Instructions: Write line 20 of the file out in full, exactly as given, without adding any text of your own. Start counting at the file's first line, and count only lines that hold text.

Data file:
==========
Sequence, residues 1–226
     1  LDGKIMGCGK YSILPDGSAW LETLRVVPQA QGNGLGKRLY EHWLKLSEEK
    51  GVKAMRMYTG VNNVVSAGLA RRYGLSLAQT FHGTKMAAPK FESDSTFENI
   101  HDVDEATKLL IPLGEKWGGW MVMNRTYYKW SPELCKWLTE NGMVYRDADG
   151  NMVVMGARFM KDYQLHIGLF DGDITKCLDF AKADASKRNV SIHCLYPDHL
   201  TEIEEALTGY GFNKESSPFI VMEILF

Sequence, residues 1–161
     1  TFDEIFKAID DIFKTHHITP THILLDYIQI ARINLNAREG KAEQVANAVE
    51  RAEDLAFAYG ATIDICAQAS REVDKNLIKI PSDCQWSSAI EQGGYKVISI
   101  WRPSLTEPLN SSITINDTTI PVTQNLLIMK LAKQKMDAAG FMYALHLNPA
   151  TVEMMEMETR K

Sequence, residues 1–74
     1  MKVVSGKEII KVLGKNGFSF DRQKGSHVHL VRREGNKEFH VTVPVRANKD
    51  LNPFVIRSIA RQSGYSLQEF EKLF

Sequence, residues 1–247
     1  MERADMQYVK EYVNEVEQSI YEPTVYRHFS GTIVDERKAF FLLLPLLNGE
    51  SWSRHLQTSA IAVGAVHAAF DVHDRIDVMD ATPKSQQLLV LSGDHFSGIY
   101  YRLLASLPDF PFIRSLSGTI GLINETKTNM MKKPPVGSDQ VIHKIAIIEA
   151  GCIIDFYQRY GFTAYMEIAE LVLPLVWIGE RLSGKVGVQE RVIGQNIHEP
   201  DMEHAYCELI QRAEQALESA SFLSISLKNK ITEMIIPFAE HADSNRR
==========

   201  DMEHAYCELI QRAEQALESA SFLSISLKNK ITEMIIPFAE HADSNRR